WEATHER: Chilly (for DC, that is…so maybe 30 degrees)
MILES THIS WEEK: πr^2
WHERE TO: Dupont Circle, Georgetown, etc.
MOOD: Face-‘splosion is imminent.
My dear readers, I lost roughly 15 pounds over the weekend. Or, at least, that’s my estimate, and I’m pretty sure that 98% of it was expelled in the form of post-nasal drip. You see, I stayed home from work on Friday and stayed home from life yesterday as the result of a truly fantastically ass-kicking cold. The kind that–if you weren’t doped to the gills on NyQuil (for the congestion) and ketamine (for the hell of it) and nutmeg (for the purpose of testing urban legends) and thus unable to do anything other than pet your roommates’ faces and mutter, “pretty kittyyyyyy…”–would make you sit back, fold your arms, and nod appreciatively at the awe-inspiring power of Mother Nature and Her Evil Pathogen Minions.
Naturally, not having run in 72 hours left me with this uncomfortable, quivering, withdrawal-y feeling. Not the shakes; more this strange sense of being well-rested for the first time in a while. It was strange. I’m not sure I liked it.
So today I got back on the horse, and I will now answer a simple question for you:
SHOULD YOU RUN WHILE YOU’RE SICK?
To start, I called a trusted physician, Dr. Phyllis Schnauzenbonker of Georgetown University Center for the Study of Beautiful Gams.
“Some doctors use the ‘neck rule’ for determining if you should run, which basically amounts to asking where your symptoms are,” said Dr. Schnauzenbonker. “If they are located above your neck–that is, stuffy nose, headache, and so on–go out and run. If they include body aches and chills that wrack your body with shivers and thoughts of punching a wallaby every time you breathe, the rule dictates that you perhaps stay in and don’t run.”
“That,” she continued, “is a load of poppycock.”
To get a better idea of her stance on the topic, she and I sat down to chat at a neighborhood too-cool-for-school coffee joint that shall remain nameless. Below is a transcript of our interview.
Thank you for joining me, Dr. Schnauzenbonker.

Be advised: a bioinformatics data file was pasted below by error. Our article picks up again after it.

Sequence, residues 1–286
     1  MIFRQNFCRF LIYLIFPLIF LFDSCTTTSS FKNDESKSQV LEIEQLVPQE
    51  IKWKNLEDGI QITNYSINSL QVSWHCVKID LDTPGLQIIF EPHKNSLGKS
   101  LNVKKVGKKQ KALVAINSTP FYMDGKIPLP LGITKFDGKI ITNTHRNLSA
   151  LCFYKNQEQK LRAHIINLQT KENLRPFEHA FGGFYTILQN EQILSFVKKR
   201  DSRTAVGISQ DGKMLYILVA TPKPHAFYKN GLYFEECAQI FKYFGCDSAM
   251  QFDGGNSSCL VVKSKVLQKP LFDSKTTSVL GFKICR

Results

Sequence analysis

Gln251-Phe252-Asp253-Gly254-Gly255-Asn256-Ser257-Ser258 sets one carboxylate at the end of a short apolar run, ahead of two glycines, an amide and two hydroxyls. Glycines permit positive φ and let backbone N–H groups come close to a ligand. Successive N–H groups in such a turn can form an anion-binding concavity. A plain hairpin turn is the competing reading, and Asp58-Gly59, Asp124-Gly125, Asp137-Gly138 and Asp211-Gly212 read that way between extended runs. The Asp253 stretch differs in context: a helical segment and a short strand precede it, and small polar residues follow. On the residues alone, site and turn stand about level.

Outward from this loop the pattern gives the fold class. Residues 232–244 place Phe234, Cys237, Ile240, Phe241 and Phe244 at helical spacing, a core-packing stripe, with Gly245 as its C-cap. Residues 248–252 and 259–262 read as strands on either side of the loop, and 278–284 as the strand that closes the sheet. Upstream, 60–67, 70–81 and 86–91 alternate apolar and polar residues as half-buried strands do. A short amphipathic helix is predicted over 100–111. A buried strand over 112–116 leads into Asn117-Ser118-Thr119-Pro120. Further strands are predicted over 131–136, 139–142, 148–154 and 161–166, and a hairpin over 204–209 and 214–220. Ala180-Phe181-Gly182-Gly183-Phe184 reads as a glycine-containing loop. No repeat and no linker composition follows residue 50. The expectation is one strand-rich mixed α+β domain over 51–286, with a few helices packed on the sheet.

My pleasure. Can you get them to turn down the music?
Believe me, I can’t.
Is it always Phil Collins?
Sometimes it’s Paula Abdul.
How ironic of them. So. Shoot.
So what do you think are the main flaws to the so-called “neck rule”?
It advises you not to run at times when you really should be able to just pull up your big-girl panties and gut out your symptoms like a real champion.
Can you give some examples of such symptoms that can be overcome?
Well, take chest congestion, for example. Nothing that a big, unattractive snort, spit, and a farmer’s blow can’t take care of.
That’s pretty gross. And also, not everyone is capable of executing a farmer’s blow.
Let me guess: you’re not. Lemme see.
O God. Can we get a napkin and/or towel over here? And some Lysol?
<wipes nose, shirtfront, and table> Moving on. On what do you base this assessment?
Well, first of all, there was this fascinating study done out of Northeastern Idaho University, where they infected 100 runners with sinus infections and left 100 healthy as Clydesdales on mating day. And then they put all 200 runners on treadmills and made them run and run and run until they were just exhausted as all hell.
All the sinus-infected runners collapsed way before the other ones. But I’m pretty sure they could have yanked on their bootstraps and gone longer.
That is true scientific proof if ever I saw it.
Then there was this other study where scientists put 100 sinus-infected runners in a big glass cage with this set-up where if they hit this little bar they’d get to suckle a dose of Nyquil out of this big glass upside-down bottle like you give to guinea pigs.
What was the finding of this study?
Well, you put a bunch of beautiful runners in a cage and they get all hot and bothered and whatnot for each other. But then the Nyquil takes effect and eventually there’s just a lot of listless floor-writhing. It’s pretty entertaining.
You’re telling me!
So you have a firm grounding in hard scientific fact here.
Well, I also base my opinions on experience. I didn’t win the International Falls, Minnesota January Freeze-Your-Nads-Off 100-Miler without learning one or two things.
You’re THAT Phyllis Schnauzenbonker?
One and the same!
So are there any conditions under which one shouldn’t run while sick?
Yes. I call it the “ladybits rule.” Basically, if you hit the point where every five seconds you are blowing your nose SO HARD that even your ladybits hurt, it’s time to take a breather.
What if you’re a man?
In the long run, women are better runners. Men don’t matter. Screw the patriarchy.
Yes! Screw it right in the ear!
Yes! The left ear!
<Together, just as Phil hits the emotional climax of “Sussudio,” Phyllis and I take pitching wedges to the coffeehouse stereo and stride purposefully outside.>